For this demonstration, let’s just pull back the list of sidecar scripts in our Intune environment – use a tenant you have configured in your GraphConnector function and the query value as shown below:

    If all is good, you should receive the following in the output pane:

    success!

    We can now validate that the blob file was created by going to the intunesnapshots in the Function App storage account and confirming that the file exists.

    More Success!

    See how the name has been created using our tenant name & the value of the query we provided in the test? The benefit of this is that we can query multiple tenants and multiple endpoints of the Intune environment and store everything inside the same location.

    Alright, now we have our snapshots being created, let’s create a CRON Job Function to periodically monitor our Intune environment for any changes.

    This time when creating the function, select Timer Trigger. Again as always, give the function a cool name, but this time, set up a schedule – for those who know their CRON expressions you won’t have any issues here. For those of you that see the sunlight from time to time, here’s a handy guide on how Azure Function Apps expect the format.

    In the below screenshot, I’ve set my schedule to run every hour.

    CRON Job

    As always, create yourself an appConfig.json file. You’ll want to get the URL of the container that you stored at the top of this guide and place it at the start of the currentSnapshot property, followed by the SAS code. The graphConnectorURI is the full function URL of the graphConnector function that you created from the last post.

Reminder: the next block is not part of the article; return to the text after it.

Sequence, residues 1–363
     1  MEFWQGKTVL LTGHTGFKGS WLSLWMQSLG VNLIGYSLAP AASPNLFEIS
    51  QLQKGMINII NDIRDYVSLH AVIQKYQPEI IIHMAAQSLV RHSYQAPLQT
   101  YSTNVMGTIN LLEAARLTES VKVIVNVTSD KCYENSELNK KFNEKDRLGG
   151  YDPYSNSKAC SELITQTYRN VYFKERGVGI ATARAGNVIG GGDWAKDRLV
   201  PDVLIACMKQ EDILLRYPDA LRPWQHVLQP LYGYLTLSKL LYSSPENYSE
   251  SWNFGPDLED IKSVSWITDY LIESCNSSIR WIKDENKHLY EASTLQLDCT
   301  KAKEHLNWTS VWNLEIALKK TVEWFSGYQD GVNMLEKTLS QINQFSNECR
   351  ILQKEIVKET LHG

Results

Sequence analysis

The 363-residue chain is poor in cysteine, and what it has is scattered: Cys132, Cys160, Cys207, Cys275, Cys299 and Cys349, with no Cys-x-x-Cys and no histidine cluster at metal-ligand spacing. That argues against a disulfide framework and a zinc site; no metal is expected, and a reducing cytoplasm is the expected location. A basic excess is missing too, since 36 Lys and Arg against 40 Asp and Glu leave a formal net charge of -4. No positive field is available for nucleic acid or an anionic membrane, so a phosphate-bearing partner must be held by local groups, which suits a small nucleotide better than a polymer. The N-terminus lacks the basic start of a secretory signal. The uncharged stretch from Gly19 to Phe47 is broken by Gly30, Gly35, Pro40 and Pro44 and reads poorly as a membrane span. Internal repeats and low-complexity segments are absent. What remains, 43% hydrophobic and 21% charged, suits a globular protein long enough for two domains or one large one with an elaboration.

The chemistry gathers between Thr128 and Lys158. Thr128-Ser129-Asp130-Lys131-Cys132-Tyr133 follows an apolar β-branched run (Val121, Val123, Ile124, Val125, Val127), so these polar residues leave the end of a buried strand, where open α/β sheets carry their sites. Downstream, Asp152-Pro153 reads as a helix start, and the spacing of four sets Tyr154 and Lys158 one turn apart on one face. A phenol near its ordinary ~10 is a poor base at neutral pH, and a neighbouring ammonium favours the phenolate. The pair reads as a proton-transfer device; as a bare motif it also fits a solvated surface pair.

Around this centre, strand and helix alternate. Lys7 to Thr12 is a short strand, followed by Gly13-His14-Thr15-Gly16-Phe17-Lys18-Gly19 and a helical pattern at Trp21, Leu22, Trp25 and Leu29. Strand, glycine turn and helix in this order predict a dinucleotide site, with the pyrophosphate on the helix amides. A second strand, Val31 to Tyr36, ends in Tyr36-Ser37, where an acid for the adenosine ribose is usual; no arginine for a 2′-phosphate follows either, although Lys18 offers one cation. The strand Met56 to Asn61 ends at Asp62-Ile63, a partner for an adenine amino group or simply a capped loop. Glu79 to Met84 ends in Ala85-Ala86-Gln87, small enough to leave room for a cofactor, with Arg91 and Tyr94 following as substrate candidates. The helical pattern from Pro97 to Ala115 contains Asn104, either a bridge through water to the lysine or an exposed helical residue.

Unlike in the last function, because we are triggering this script on a schedule where there will be no input, we will be placing the tenant details & the query property in here as well – if you want to monitor multiple tenants, it is as simple as duplicating this function and updating the appConfig.json file.

    Finally, the graphVer property is there because right now, most of the Intune config data is only accessible via the beta GraphAPI, this will eventually change, so it’s best to move this variable outside of the code for easy modification once it becomes GA.

    Now in the main script file, again as before, replace the default “hello world” sample code with the following: